A partnership between Canada Health Infoway and the Canadian Institute for Health Information to develop healthcare oriented standards is being called an important step forward by health-care IT vendors.
(Infoway) and the Canadian Institute for Health Information (CIHI) have signed a memorandum of understanding formalizing what is already an established working relationship, said Canada Health Infoway CTO Denis Giokas. CIHI has worked on the development of standards for a number of years, he said, and Infoway has been more than happy to leverage the organization’s expertiese in its own efforts to develop national standards. Infoway has also invested in some of the standards work being carried out by CIHI.
Infoway is a federal government corporation with a goal of accelerating the development of interoperable electronic health information systems. CIHI is an independent pan-Canadian, not-for-profit organization whose mission is the improvement of the healthcare system through providing quality health information. The two are partnering to develop standards required in support of electronic health record data definitions and standards.
Giokas said the teams will work together on development of health-care oriented IT standards. These include messaging standards such as HL7 that allow for interoperability between applications. Work will also be done on other standards such as vocabulary and coding standards.
The Chair of the Canadian Healthcare Information Technology Trade Association(CHITTA), Dave Wattling, said the vendor community was thrilled to hear this announcement and sees it as an important step forward.
Electronic health record initiatives have been popping up in a number of Canadian provinces but there has been little significant work done on regulating software requirements and standards. This has meant that solutions have had to be customized for each province, he said, driving the cost of development up and restricting access to the marketplace for a lot of vendors.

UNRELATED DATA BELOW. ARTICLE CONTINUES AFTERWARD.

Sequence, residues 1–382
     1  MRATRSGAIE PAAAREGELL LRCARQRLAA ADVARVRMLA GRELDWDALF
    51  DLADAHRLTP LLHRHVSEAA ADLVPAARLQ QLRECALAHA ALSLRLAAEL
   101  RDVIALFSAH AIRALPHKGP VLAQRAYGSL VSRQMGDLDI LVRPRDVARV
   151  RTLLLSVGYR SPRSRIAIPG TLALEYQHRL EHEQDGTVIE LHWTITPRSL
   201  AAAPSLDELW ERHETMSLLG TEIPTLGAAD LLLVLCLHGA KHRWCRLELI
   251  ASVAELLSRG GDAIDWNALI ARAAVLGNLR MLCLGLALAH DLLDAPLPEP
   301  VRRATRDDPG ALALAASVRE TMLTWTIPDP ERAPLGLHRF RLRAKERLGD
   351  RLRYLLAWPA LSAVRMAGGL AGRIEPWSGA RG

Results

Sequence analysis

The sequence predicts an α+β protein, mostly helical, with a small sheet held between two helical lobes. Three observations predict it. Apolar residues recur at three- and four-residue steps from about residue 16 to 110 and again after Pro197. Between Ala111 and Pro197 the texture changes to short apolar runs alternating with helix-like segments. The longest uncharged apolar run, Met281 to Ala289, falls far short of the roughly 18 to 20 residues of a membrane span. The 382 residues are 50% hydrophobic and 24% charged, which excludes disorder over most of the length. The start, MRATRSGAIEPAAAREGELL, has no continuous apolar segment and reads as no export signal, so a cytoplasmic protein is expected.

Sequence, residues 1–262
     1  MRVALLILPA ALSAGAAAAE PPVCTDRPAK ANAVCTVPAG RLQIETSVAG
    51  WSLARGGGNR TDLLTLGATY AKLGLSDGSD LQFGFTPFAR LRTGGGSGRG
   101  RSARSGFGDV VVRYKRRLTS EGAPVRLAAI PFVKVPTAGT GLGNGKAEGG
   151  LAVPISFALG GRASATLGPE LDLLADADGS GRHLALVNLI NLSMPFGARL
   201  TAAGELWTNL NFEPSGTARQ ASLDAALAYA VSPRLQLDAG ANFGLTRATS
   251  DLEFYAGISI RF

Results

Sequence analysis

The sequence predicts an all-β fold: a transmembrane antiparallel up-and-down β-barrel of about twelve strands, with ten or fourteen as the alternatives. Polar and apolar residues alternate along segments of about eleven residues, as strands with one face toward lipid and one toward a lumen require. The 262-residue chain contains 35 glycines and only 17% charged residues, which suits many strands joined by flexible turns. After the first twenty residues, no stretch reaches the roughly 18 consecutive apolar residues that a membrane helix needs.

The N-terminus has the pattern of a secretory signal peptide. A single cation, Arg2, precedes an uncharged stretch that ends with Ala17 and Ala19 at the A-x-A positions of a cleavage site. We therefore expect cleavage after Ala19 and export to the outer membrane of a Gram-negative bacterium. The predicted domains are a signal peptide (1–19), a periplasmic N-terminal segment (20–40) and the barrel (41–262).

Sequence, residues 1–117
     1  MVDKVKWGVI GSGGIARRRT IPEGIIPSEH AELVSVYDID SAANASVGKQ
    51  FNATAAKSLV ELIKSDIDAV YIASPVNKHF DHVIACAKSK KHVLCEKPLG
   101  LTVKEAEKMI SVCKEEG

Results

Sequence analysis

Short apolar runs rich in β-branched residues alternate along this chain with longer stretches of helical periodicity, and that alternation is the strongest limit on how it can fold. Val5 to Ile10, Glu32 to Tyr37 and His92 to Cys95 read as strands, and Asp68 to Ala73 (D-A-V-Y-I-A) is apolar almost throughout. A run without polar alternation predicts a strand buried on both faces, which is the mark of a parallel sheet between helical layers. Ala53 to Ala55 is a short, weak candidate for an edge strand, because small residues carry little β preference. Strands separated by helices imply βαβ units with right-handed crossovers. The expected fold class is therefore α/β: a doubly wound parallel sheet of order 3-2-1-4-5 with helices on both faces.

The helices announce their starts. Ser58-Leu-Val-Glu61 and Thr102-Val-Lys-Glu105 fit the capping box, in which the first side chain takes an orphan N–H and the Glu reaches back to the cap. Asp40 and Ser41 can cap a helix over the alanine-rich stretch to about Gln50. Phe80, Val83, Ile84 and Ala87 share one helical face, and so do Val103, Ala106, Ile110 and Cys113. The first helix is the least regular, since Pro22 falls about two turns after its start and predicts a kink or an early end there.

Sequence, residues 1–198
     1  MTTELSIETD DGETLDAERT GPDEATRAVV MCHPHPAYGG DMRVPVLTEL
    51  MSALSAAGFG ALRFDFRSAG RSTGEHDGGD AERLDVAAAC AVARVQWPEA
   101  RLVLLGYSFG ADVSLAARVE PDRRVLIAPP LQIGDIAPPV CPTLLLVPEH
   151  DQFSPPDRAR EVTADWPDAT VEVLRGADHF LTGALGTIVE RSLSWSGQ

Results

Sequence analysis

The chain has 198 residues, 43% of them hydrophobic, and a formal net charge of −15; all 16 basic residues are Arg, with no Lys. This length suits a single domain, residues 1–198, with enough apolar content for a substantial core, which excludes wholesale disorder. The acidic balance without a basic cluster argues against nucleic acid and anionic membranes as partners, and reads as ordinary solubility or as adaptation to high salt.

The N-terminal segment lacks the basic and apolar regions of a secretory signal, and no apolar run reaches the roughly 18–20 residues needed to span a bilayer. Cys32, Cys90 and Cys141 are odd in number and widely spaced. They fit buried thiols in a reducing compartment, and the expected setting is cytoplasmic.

“”Alternately we’ve seen a lot of regional vendors emerge where they sell their product to one province or two provinces but have never had the ability to go national because of the cost of customizing for each individual province,”” Wattling said.
He said the industry sees standards as the cornerstone of electronic health care systems. Not only do they provide consistency, but also drive thinking around how to architect systems so that they can exchange information both within regions and provinces and also across the country.
“”As far as the industry’s view of this, it’s a great move,”” he said.
There is still a lot of work to be done before standards are adopted, Giokas said. A project begun as part of Infoway’s first wave of investments, in December 2002 is investigating what he calls the gap between what is needed and what is currently available. Part of that project will be looking at how much of an obstacle lack of national standards is to the development of the electronic health record.
“”We know there is a hurdle, we just don’t know how high it is yet. That’s why we spun off (the) project to really quantify that, “”Giokas said. “”And then more importantly what is our plan and approach to closing that gap, over obviously many years.””
He said the quantifying work should be completed by late summer of 2003. Once completed the project will include recommendations on the standards development time frame as well.